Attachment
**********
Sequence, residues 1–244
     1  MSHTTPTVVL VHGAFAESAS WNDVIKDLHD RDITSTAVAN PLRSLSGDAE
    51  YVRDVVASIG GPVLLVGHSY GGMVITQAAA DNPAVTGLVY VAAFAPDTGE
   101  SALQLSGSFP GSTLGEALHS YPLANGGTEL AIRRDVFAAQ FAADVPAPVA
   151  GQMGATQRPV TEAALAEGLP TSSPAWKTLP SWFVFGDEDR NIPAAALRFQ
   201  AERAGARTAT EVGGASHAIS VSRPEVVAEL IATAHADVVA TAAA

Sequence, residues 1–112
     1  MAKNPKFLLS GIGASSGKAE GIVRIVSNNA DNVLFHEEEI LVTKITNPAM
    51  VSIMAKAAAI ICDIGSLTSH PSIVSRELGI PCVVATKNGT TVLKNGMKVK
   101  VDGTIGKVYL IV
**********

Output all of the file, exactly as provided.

Sequence, residues 1–244
     1  MSHTTPTVVL VHGAFAESAS WNDVIKDLHD RDITSTAVAN PLRSLSGDAE
    51  YVRDVVASIG GPVLLVGHSY GGMVITQAAA DNPAVTGLVY VAAFAPDTGE
   101  SALQLSGSFP GSTLGEALHS YPLANGGTEL AIRRDVFAAQ FAADVPAPVA
   151  GQMGATQRPV TEAALAEGLP TSSPAWKTLP SWFVFGDEDR NIPAAALRFQ
   201  AERAGARTAT EVGGASHAIS VSRPEVVAEL IATAHADVVA TAAA

Sequence, residues 1–112
     1  MAKNPKFLLS GIGASSGKAE GIVRIVSNNA DNVLFHEEEI LVTKITNPAM
    51  VSIMAKAAAI ICDIGSLTSH PSIVSRELGI PCVVATKNGT TVLKNGMKVK
   101  VDGTIGKVYL IV